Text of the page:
11/10/2019 (though it’s really 11/11/19)
It’s nearly 2:00am. Technically tomorrow. I haven’t gone to bed yet, so it still feels like yesterday. That’s a perfect indicator that time is theoretical: time is a concept and a construct, something we have created to help structure our existence.
Perhaps human existence is nothing more than a series of coping mechanisms. Language, time, relationships, technology, art. It’s all grown out of the need to survive, to cope with this complex yet simple experience of being, something we can never quite describe, no matter how many words we invent, how many stories we tell, how many religions are born, how many wars are lost and won (though all wars are lost, in the end).
I’ve written before about my theory that simply to be alive is to experience trauma—about how, on an atomic/cellular level, our beings are constantly experiencing death/destruction as well as genesis, and how we are hard-wired with a coping mechanism that shields us from those constant traumas that happen within the most micro of microcosms, our personal universe of atoms. When our skin cells die and flake away from us, we do not cry. But when the traumas are slightly larger – a sudden fall that scrapes the skin off our knees – we are conscious of experiencing them, and perhaps have psychological/emotional/physical responses. We may avoid repeating the circumstance which led to that small-yet-noticed trauma. Or perhaps we attempt to recreate it because we are drawn to one of the responses we experienced in that moment.
All of us, even the happiest and most “well-adjusted,” “normal” of us, are following patterns of behavior and interaction which were primarily created by others before us in response to their surroundings. We may follow them exactly, or adapt and evolve those patterns, or become inspired by them to seek something new; yet all these options are in response to what has come before, coping mechanisms for this journey of living.
I am sitting here at…now 2:11am having had a weekend in which none of the coping mechanisms seemed to have worked. Or perhaps some did, but just enough. Just enough to keep me tethered and connected to this thing called existence.
On November 9th, 2016, I took my last drink of alcohol. November 10th, 2016 was my first day of sobriety. Today (yesterday), November 10th, 2019 marks three years sober. I celebrated by staying alive, though there were many moments today which I felt not so much alive, as just….a blob that is aware of its existence, whatever existence is (or is not).
~I just wrote out a too-long accounting of the details of my day but deleted it.~
All that needs to be said is, although I did some productive things today, including going to the Son of Semele company meeting and feeling delightfully surprised at the genuine warmth I received from these wonderful humans whom I barely know, yet feel very grateful to be associated with….and finding a great coffee place near the theatre…and later eating a really great Doner Salad at Spitz in NoHo….those parts of my day accounted for less than 15% of my day. The rest of the day was spent in driving and driving and driving, and being slowly overtaken by this dull droning sensation, which resulted in some binge eating after getting home in the evening.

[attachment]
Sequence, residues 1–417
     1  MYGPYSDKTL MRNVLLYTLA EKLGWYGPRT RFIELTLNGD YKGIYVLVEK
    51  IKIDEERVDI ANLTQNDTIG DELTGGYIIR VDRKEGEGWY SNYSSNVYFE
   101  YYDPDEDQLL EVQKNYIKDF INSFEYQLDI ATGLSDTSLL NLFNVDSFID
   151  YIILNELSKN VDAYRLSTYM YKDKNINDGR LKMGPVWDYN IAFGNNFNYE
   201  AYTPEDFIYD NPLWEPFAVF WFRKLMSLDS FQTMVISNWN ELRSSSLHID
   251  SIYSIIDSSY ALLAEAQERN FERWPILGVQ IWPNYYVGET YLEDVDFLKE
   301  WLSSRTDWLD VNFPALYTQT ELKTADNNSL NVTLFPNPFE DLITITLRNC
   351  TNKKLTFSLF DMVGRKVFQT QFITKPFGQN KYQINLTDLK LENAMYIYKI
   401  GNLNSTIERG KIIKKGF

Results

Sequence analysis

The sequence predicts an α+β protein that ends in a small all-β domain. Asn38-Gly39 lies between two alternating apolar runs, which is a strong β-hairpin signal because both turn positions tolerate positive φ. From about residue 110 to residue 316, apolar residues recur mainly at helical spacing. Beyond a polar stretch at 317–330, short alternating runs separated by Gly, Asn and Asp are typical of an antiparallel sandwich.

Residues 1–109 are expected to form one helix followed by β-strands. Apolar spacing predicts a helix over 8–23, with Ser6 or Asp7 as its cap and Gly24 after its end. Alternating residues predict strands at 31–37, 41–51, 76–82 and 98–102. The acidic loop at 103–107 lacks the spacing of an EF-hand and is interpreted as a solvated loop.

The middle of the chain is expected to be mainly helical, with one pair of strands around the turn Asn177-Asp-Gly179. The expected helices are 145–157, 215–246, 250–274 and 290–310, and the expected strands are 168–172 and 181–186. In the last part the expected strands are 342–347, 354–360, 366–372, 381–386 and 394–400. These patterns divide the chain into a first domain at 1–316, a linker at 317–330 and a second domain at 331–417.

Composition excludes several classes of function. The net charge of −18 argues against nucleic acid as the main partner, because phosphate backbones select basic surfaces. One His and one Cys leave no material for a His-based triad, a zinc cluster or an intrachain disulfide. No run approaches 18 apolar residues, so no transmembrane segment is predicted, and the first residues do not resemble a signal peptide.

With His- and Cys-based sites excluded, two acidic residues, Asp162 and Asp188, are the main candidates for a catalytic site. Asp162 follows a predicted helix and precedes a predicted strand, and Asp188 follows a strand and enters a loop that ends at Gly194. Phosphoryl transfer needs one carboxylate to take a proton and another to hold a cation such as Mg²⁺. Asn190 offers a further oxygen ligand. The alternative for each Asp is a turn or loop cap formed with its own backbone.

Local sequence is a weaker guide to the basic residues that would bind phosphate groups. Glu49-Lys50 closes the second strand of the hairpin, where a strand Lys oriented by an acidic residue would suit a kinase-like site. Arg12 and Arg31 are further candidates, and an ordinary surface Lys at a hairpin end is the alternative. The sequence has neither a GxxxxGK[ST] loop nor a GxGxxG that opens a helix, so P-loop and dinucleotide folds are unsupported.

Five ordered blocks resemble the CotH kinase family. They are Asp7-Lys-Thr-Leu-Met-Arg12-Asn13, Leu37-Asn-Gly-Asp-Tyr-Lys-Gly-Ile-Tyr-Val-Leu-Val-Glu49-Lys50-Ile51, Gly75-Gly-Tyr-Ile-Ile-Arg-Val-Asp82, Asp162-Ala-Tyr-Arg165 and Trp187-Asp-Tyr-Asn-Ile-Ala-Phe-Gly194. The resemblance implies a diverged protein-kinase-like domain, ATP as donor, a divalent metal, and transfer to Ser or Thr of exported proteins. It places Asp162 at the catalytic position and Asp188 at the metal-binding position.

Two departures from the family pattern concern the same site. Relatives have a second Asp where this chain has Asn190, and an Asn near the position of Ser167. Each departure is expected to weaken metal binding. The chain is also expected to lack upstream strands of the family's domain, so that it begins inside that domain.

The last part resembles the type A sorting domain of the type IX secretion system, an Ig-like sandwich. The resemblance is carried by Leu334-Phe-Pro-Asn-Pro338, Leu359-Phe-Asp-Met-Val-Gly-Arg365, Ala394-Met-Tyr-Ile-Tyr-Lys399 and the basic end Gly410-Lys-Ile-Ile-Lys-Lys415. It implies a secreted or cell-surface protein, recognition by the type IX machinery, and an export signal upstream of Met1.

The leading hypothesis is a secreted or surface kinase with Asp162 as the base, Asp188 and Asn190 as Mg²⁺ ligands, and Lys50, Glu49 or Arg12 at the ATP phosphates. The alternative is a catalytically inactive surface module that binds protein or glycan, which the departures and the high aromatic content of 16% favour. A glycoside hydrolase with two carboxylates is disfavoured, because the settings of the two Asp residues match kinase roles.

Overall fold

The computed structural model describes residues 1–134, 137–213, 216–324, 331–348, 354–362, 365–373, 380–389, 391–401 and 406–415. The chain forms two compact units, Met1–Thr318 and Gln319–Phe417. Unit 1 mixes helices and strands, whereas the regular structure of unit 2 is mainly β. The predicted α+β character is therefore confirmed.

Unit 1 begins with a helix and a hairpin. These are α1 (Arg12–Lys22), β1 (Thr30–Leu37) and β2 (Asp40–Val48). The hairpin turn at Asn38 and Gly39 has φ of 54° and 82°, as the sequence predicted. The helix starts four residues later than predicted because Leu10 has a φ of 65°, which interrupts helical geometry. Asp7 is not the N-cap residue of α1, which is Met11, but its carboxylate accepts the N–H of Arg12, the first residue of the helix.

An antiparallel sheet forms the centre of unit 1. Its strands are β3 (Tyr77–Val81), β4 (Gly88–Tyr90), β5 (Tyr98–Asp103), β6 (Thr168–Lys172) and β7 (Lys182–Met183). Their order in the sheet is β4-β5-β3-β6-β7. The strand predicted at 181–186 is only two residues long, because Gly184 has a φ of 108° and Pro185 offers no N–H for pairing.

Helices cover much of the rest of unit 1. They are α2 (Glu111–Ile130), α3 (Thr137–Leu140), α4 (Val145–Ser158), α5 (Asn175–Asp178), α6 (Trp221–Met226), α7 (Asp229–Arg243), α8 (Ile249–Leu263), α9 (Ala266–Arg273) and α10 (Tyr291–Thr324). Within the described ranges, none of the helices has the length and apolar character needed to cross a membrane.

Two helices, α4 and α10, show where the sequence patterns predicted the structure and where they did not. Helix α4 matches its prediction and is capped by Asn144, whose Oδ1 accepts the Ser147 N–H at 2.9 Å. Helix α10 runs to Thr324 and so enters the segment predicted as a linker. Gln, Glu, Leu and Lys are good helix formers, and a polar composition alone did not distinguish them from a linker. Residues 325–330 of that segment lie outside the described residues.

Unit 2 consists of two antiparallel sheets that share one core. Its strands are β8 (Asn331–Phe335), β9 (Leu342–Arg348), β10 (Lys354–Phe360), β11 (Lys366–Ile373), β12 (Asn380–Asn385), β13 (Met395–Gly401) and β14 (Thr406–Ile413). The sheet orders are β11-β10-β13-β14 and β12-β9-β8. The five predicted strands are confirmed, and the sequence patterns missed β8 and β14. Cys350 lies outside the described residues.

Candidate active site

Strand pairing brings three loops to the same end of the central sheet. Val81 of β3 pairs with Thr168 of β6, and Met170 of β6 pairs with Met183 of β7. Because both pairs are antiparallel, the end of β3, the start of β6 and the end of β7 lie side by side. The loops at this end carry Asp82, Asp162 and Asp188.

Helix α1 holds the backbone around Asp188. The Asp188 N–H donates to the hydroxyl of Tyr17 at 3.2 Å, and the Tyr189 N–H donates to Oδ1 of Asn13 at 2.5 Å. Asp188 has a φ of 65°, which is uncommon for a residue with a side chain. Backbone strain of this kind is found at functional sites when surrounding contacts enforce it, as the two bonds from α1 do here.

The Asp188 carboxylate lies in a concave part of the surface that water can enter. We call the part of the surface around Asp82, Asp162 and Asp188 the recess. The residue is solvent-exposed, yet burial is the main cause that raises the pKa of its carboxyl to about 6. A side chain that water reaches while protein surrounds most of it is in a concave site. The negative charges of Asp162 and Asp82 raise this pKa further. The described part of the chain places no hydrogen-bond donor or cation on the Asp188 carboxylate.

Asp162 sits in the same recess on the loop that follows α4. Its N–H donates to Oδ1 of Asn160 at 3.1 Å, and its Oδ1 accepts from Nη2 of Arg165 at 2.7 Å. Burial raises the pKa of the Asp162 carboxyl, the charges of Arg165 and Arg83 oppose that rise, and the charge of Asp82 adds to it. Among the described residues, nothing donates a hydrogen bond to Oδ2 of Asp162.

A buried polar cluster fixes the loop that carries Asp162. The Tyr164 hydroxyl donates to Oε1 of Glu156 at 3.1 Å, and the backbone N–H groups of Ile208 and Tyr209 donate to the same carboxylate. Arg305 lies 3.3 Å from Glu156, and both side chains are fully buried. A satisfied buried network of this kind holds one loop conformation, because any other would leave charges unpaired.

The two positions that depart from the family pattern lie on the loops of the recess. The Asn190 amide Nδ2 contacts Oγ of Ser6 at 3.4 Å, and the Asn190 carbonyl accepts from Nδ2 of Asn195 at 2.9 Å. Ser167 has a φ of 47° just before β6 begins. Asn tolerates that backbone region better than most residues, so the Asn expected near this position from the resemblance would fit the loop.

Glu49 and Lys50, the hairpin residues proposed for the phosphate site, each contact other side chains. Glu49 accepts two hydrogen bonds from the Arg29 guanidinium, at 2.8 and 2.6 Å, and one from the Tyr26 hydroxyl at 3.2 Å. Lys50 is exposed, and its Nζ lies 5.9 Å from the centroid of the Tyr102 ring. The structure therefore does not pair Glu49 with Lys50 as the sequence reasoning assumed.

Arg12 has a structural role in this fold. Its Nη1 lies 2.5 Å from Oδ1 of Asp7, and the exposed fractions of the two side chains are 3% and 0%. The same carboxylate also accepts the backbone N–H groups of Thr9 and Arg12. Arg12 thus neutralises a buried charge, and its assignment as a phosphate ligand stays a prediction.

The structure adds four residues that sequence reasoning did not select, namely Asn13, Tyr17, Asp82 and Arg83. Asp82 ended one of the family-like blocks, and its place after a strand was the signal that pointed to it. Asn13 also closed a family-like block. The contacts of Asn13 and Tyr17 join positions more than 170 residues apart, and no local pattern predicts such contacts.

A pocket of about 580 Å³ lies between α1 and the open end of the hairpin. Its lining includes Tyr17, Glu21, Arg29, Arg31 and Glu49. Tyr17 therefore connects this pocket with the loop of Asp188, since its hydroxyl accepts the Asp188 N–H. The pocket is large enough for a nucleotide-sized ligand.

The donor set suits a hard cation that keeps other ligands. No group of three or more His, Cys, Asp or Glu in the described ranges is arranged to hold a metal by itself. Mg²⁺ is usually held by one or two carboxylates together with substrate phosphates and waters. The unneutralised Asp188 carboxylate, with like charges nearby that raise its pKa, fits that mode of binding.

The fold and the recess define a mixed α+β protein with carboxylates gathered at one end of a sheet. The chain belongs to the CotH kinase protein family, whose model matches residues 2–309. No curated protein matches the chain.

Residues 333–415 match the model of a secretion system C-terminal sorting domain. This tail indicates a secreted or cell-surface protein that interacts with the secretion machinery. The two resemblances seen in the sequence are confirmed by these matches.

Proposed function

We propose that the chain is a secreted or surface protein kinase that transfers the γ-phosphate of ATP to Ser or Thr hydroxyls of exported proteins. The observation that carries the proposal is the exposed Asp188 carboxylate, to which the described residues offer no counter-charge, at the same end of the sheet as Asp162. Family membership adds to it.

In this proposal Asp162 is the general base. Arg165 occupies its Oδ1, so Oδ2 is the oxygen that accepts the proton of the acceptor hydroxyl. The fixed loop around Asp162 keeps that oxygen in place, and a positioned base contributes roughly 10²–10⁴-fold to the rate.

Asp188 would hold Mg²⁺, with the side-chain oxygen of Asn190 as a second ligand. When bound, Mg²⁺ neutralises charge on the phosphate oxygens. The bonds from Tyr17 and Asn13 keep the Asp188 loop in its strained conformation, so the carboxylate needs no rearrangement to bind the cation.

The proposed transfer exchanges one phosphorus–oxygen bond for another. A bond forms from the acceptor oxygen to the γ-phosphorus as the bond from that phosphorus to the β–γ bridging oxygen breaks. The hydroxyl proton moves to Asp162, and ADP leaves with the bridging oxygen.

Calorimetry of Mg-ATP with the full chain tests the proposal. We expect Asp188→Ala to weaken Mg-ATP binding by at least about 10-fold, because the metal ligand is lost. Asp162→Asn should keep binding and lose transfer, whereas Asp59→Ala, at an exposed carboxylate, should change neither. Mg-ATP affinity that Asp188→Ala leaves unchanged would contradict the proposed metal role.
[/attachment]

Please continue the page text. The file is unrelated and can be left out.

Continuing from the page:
In a text to one of my best humans tonight, a couple hours after the binge-eating session, stomach still uncomfortable and bloated (physical discomfort to match the metaphysical discomfort in the head/heart) I wrote:
I just keep hoping that one day I will feel at home inside my own body, at home in my skin. [I’m not just talking about] a positive body image, but for once to feel a wholeness and a sense of belonging and a peace and an ease that is unshakeable and doesn’t disappear the very next moment.
In class the other day, a classmate led a visualization warmup. After a short self-guided stretch, he asked us to close our eyes and picture our favorite place. It could be a real place or imagined, he said, but a place where we felt safe, happy, peaceful.
And I had nothing. Any image, or any feeling, went away from me as soon as I tried to grasp it. There was nothing. I tried to recall some moment I last felt happy or safe or peaceful and I couldn’t think of any time or place. Tears welled up and I did the motions of the rest of the warmup, but it was robotic and forced. Like moving my body from a distance.
That’s pretty much always there on some level, and the best I get is when the level is low enough for me to tune it out. I still know it’s there, but it isn’t the only thing I hear/feel. For once I’d like that to just go away.
It’s not that I haven’t been happy or felt safe or had some peace—but that other thing is there the whole time. It’s like the single, droning note played in a horror film that’s always there, but in some scenes, you don’t notice it at all, and in other scenes, it drowns everything out entirely.
In this second week of gratitude — although I know there’s been much to be grateful for — at this very moment, and throughout this week, what I have been incredibly grateful for is this coping mechanism of language. Of being able to give some shape to the abstract and overwhelming experience that is human existence. I am grateful to have the physical ability to type and write and read, and I am grateful for my emotional and intellectual connection to language, be it written or spoken or non-verbal. I’m grateful to have the technology which allows me to type this out and upload it to my blog, where it will be for me to reflect on in years to come (or until WordPress goes under and tells us to archive our files….like Geocities did all those years ago). And I am grateful for other people whose language helps turn down the sound on that droning, ever-present personal soundtrack.